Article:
20 Surprising Facts About Dr. Seuss

Al Ravenna, Library of Congress New York World-Telegram and the Sun Newspaper Photograph Collection // Public Domain, Wikimedia Commons
Al Ravenna, Library of Congress New York World-Telegram and the Sun Newspaper Photograph Collection // Public Domain, Wikimedia Commons

Bennett Cerf, the co-founder of publishing giant Random House, used to say that of all the authors who had ever written for his esteemed company—a list that included William Faulkner, Eugene O’Neill, and Sinclair Lews—there was only one "genius." "His name," Cerf declared, "is Ted Geisel."

A native of Springfield, Massachusetts, Theodor Seuss Geisel—who you probably know better by his pen name, Doctor Seuss—was born on March 2, 1904. To celebrate what would have been his 115th birthday, we’ve rounded up some amazing facts about Geisel’s life, his art, and his unforgettable characters.

1. Theodor Geisel's father worked with beer. And zoo animals.

Dr. Seuss’s dad had an interesting career path. Born in 1879, Theodor Robert Geisel was a brewmaster and a competitive marksman of international renown. When Prohibition went into effect in 1920, Geisel entered a new line of work and became the superintendent of Forest Park in Springfield, Massachusetts. Among his responsibilities, the elder Geisel oversaw the park’s onsite zoo. “That zoo,” his famous son later remarked, “is where I learned whatever I know about animals.”

2. Teddy Roosevelt scarred Geisel for life.

President Theodore 'Teddy' Roosevelt salutes a crowd during a public appearance
Topical Press Agency/Getty Images

Geisel was a Boy Scout, and in this capacity he sold U.S. war bonds. Since he was one of the 10 best bond sellers in his Boy Scout troop, he and his entire family were invited to attend a special ceremony that was held on May 2, 1918. There, Geisel was going to receive a medal from former president Theodore Roosevelt. But the event organizers accidentally gave Teddy nine medals instead of 10 ... and Roosevelt’s supply ran out right before Geisel (who’d been sitting on stage with the other boys) was supposed to receive his.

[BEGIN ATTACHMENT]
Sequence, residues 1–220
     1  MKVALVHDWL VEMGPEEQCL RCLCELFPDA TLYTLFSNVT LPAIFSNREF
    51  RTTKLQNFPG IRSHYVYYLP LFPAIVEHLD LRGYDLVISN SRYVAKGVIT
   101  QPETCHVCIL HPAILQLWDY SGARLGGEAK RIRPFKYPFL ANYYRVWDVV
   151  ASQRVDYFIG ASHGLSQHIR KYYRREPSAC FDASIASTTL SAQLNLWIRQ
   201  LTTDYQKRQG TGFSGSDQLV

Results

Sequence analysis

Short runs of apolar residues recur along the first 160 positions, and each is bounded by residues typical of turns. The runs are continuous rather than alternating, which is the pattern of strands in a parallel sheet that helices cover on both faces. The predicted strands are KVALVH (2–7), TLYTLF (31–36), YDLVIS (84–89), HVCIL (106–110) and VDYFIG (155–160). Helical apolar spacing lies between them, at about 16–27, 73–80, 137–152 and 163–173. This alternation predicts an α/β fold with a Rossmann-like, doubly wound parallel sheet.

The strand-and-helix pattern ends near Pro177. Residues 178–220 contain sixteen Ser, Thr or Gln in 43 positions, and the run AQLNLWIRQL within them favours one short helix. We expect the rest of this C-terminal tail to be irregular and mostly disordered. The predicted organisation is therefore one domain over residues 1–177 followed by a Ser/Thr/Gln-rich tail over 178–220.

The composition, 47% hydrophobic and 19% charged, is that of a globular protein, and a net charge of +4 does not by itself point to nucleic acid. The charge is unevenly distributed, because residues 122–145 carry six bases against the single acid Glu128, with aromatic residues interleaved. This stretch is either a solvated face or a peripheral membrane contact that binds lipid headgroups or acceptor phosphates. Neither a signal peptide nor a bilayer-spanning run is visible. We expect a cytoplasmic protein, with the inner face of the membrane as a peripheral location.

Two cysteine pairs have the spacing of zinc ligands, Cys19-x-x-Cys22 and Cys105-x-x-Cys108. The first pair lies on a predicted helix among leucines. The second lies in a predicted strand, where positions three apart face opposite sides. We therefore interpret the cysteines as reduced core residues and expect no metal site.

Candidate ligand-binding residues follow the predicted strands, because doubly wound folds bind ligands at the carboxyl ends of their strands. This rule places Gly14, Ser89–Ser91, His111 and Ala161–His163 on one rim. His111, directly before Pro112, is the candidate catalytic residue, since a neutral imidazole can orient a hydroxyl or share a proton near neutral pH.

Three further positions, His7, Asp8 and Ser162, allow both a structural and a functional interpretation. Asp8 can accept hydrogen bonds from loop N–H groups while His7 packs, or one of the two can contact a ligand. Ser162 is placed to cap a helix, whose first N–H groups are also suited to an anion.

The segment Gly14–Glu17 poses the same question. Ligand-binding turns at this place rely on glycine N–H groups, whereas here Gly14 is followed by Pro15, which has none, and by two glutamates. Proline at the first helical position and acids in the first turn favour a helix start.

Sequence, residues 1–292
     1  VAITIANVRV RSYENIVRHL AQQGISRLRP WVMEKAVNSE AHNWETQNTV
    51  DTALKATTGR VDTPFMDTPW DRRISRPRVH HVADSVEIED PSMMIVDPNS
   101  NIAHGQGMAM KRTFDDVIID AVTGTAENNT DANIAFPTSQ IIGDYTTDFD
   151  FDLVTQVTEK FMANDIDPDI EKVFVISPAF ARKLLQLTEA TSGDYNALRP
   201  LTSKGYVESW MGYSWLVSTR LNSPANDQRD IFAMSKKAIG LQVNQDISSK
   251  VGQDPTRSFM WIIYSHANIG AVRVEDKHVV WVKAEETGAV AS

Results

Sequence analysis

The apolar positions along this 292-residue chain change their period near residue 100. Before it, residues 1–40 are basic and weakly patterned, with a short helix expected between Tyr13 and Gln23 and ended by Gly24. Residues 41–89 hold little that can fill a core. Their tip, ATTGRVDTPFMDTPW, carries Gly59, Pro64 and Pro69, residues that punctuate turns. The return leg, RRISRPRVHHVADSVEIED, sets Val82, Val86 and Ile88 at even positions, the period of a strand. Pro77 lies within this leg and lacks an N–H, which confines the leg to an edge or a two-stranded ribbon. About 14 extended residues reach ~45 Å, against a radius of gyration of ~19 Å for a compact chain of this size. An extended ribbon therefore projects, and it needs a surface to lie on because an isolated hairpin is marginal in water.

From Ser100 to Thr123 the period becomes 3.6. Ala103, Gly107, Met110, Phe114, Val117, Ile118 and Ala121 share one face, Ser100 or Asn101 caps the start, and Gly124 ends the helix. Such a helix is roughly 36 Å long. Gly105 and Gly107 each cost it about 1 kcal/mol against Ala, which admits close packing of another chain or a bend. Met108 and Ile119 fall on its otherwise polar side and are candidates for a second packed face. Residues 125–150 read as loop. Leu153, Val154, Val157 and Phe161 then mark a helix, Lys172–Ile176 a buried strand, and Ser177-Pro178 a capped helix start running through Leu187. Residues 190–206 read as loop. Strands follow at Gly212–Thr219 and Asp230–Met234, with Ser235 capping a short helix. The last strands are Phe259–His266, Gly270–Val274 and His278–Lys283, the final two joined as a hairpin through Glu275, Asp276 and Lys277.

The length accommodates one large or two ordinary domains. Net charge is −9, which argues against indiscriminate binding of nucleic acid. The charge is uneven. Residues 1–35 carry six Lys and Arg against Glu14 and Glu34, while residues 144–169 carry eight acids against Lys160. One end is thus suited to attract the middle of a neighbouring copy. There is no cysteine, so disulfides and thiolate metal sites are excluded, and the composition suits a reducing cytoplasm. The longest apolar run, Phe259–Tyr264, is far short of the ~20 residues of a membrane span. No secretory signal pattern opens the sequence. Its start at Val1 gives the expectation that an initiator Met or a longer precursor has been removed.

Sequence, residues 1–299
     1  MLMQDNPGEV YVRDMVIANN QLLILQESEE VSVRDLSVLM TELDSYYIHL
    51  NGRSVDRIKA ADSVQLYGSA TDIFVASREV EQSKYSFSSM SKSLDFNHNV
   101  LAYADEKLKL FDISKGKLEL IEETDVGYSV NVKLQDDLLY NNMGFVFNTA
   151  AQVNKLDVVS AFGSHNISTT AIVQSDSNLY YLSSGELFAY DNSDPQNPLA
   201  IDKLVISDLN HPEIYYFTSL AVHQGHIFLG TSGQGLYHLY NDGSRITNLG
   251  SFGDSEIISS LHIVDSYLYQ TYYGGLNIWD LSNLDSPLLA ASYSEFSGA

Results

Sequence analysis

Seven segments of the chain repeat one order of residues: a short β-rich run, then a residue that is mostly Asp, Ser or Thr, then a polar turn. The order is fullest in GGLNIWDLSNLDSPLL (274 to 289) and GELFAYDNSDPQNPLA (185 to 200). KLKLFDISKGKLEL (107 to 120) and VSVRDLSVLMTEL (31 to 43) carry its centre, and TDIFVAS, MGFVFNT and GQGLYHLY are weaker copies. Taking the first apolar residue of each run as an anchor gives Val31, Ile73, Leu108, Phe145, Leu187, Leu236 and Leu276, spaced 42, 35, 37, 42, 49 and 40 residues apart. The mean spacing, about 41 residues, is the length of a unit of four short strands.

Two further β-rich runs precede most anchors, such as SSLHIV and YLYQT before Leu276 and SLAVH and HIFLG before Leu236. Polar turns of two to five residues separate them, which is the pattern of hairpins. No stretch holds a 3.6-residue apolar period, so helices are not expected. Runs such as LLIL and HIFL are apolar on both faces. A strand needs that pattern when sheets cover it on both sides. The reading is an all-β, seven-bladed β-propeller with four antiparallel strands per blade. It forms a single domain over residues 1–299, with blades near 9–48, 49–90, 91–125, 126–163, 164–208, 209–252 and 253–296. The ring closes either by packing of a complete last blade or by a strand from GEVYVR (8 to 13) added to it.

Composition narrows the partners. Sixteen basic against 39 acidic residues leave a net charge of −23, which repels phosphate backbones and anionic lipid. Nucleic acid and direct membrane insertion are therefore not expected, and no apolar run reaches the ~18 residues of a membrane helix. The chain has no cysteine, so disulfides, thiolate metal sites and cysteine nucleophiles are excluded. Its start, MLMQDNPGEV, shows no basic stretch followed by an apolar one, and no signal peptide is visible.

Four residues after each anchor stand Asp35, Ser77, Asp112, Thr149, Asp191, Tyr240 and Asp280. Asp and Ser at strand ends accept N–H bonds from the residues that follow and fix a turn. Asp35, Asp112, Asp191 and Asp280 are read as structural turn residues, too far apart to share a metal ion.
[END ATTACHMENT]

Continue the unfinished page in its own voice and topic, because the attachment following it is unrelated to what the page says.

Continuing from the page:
Not realizing that he had been shorted one medal, Roosevelt looked at Geisel and asked “What is this little boy doing here?” Rather than explain that there had been a mix-up, a Scoutmaster instead whisked a humiliated Geisel off the stage. Geisel attributed his lifelong fear of public speaking to this embarrassing incident.

3. Dr. Seuss dabbled in taxidermy.

Geisel created weird, sculpted busts of fictional beasts—like the Mulberry Street unicorn and a “carbonic walrus”—out of body parts from exotic animals that had passed away at his father’s zoo. He called it “Unorthodox Taxidermy.”

4. “Seuss” was originally pronounced “Soice.”

The “Dr. Seuss” alias evolved from a pseudonym that Geisel came up with at Dartmouth College, his undergraduate alma mater. Not coincidentally, Seuss was also the maiden name of Geisel's mother, Henrietta. In its traditional pronunciation, Seuss rhymes with voice. But as the author’s fame grew, people started mispronouncing it.

Geisel’s friend, Alexander Liang, responded by writing a poem: “You’re wrong as the deuce / And you shouldn’t rejoice / If you’re calling him Seuss / He pronounces it Soice.”

5. Geisel named a major character in his first book after his editor's son.

The cover of 'And to Think That I Saw it on Mulberry Street,' Doctor Seuss's first published children's book
Random House via Amazon